Christmas on the border.

Our bags arrived exactly 2 days later than we did, so we forcefully stayed in the capital of Honduras for almost 3 days, worrying about our belongings and avoiding numerous American fast-food chains. Luckily though, we got  out as soon as our squished backpacks appeared at the aiport. First bus and we are far from the city that imposed such anxious feelings, headed straight for El Paraìso. Far from a paradise, but this is still a better option, even with the stench of old sheets and not enough water  for both of us to shower. I`m just not a dusty city person.

El Paraìso is a short stop anyway. We decided to see Nicaragua first (apparently one of the safest Latin American countries accoring to Lonely Planet), and crossed the border at Las Manos first thing in the morning. So we`re spending Christmas in Estelì, a small town just outside a Nature Reserve, with a proper backpacker vibe and numerous hostels. Too bad we get slightly freaked out by the first tourists we see since we landed (what are these white poeple doing here?), and all the hostels are closed for Christmas day. It`s the 24th, which for the Poles is the biggest night of the year, with huge Christmas Eve (wigilia) family feasts, and I`m in the middle of some town having trouble finding a place to sleep. Perfect.

By a word of mouth, we find this little family run hospedaje with two rooms open to travelers and settle down there for the holidays. At least the place has a warm atmoshpere, and we get all excited seeing kids getting presents from under the little Christmas tree while every radio station is playing Felìz Navidad. We don´t even have a big dinner that night, too weary of the bus journeys. We already  splurged for lunch, ordering an immense pancake dessert in this tiny restaurant that had the biggest, fattest, tackiest tree in the whole of Latin America (OK, maybe there are many other contestants, but… you know…). It looked like a chubby balerina with its thick ribbons and overtly shiny decorations. But I must admit, people around are quite creative. One of the cities we passed had a very nicely constructed `Christmas Tree`in the central square. Since you cannot spot a needle-bearing tree amongst all those banana ones, they put up a  tall, upside-down turned cone covered in dry leaves with a few pastel colored lights and an artsy feel to it. Now I know, Christmas feel doesn`t always have to be so forced. Actually, one can bring winter-imposed Christmas customs to a hot country like this in a pleasant, no-hitsch manner.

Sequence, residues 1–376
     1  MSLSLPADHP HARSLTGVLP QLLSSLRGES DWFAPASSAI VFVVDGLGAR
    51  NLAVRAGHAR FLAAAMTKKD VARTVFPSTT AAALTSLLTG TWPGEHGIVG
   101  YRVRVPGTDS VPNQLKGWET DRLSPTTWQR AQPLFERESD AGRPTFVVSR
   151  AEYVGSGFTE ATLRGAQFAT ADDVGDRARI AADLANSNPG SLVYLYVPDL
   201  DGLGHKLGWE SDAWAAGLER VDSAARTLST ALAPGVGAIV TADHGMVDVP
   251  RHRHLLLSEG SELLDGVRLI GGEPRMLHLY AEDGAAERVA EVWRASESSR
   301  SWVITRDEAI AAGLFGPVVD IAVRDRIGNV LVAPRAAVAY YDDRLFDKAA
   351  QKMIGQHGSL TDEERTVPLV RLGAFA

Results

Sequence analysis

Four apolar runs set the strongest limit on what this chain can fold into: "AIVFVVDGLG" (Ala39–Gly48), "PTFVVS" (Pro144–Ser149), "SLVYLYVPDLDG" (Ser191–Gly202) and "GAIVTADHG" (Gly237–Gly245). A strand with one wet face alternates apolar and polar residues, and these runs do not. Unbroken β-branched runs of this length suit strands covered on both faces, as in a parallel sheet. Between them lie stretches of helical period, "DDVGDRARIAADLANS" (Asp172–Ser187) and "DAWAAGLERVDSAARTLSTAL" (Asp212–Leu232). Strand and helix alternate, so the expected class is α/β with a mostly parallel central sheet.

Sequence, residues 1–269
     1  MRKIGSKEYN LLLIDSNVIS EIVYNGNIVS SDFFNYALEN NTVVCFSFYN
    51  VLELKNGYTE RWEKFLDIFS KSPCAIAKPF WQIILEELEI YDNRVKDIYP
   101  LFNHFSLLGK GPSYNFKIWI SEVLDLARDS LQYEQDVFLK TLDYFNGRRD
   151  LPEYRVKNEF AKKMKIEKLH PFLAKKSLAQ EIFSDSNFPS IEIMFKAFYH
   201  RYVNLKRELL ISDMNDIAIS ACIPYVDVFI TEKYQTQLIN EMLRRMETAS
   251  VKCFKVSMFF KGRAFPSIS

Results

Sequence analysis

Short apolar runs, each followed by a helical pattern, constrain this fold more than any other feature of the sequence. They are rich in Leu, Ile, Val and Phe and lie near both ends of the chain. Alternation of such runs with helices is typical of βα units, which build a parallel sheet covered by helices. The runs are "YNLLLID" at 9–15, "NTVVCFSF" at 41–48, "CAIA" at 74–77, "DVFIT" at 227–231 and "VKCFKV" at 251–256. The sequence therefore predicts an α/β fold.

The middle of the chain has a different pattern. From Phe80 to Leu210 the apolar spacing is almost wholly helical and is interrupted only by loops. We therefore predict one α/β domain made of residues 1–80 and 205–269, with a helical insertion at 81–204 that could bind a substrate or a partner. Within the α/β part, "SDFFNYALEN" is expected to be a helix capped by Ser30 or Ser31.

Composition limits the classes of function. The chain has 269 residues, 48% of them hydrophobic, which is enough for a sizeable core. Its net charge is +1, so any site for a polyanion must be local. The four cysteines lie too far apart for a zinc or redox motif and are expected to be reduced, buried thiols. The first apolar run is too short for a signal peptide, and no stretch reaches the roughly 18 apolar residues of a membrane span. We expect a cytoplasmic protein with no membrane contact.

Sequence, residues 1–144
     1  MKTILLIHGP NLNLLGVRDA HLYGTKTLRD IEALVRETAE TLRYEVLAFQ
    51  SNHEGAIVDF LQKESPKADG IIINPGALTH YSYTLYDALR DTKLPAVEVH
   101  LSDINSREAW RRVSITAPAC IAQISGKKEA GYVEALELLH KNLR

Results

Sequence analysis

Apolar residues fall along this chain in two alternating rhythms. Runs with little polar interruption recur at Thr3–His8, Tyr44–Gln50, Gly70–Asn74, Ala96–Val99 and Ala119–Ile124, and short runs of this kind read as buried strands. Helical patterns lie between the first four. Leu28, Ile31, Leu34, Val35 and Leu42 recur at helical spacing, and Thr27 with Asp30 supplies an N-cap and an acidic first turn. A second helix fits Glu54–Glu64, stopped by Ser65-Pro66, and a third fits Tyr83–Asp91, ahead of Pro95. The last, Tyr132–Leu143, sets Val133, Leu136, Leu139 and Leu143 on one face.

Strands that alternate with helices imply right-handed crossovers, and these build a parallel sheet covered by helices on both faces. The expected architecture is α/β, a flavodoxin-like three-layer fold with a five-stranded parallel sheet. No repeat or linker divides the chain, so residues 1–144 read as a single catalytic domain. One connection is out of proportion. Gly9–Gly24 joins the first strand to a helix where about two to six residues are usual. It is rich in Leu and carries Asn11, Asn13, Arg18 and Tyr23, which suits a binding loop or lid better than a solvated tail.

So late Merry Christmas to you all, wherever it is celebrated!

Fiona

 Leòn (Nicaragua), 28 Dec. 2011

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